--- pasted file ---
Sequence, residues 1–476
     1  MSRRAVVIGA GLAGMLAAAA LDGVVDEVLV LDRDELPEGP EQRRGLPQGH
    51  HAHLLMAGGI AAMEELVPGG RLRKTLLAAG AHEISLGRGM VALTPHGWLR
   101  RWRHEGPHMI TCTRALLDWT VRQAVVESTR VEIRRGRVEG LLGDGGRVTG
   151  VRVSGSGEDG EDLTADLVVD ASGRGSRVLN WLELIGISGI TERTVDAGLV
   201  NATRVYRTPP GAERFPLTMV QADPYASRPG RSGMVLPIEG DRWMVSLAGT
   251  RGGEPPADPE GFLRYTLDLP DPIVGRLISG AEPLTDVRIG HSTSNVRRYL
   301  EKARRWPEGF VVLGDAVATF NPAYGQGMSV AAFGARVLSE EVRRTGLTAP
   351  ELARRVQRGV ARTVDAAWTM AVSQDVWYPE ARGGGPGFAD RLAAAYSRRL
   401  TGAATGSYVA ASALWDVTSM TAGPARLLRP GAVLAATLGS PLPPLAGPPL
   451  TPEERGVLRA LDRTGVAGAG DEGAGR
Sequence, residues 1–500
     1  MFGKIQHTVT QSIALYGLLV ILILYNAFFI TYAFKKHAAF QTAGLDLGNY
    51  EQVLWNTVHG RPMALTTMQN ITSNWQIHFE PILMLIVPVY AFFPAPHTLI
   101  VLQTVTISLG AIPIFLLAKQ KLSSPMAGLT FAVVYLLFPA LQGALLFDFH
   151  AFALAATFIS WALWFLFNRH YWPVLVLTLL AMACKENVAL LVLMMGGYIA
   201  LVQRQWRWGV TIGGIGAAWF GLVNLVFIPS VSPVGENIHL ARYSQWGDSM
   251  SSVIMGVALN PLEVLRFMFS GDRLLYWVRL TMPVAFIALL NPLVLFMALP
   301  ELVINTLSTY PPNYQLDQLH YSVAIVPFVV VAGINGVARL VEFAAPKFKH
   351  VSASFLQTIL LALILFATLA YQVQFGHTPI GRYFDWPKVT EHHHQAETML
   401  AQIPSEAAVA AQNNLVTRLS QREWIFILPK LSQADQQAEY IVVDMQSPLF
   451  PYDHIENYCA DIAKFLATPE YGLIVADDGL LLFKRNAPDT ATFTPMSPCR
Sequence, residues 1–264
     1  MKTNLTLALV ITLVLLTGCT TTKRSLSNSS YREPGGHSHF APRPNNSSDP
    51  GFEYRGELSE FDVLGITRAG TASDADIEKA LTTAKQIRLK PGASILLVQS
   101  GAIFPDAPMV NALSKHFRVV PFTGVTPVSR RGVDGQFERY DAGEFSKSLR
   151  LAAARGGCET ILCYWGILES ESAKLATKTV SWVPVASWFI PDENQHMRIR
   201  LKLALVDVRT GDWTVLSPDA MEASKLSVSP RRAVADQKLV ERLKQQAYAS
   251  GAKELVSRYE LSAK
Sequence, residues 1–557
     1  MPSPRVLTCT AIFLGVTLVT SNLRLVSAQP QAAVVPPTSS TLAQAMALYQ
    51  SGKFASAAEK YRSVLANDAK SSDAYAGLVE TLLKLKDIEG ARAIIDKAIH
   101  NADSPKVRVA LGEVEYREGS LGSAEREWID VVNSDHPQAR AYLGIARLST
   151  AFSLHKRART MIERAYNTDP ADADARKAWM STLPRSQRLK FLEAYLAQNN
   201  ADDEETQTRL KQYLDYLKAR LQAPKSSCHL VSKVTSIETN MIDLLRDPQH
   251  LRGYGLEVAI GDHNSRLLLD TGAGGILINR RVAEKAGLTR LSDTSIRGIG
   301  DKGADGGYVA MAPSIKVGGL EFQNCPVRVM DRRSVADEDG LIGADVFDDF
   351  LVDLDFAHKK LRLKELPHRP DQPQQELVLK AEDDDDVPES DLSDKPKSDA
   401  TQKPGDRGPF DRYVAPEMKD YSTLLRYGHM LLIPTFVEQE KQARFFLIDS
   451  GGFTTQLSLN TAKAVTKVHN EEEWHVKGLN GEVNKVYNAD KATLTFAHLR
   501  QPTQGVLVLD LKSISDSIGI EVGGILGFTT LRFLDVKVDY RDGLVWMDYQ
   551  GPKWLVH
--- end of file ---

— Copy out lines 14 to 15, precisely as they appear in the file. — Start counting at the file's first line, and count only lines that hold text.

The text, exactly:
    51  EQVLWNTVHG RPMALTTMQN ITSNWQIHFE PILMLIVPVY AFFPAPHTLI
   101  VLQTVTISLG AIPIFLLAKQ KLSSPMAGLT FAVVYLLFPA LQGALLFDFH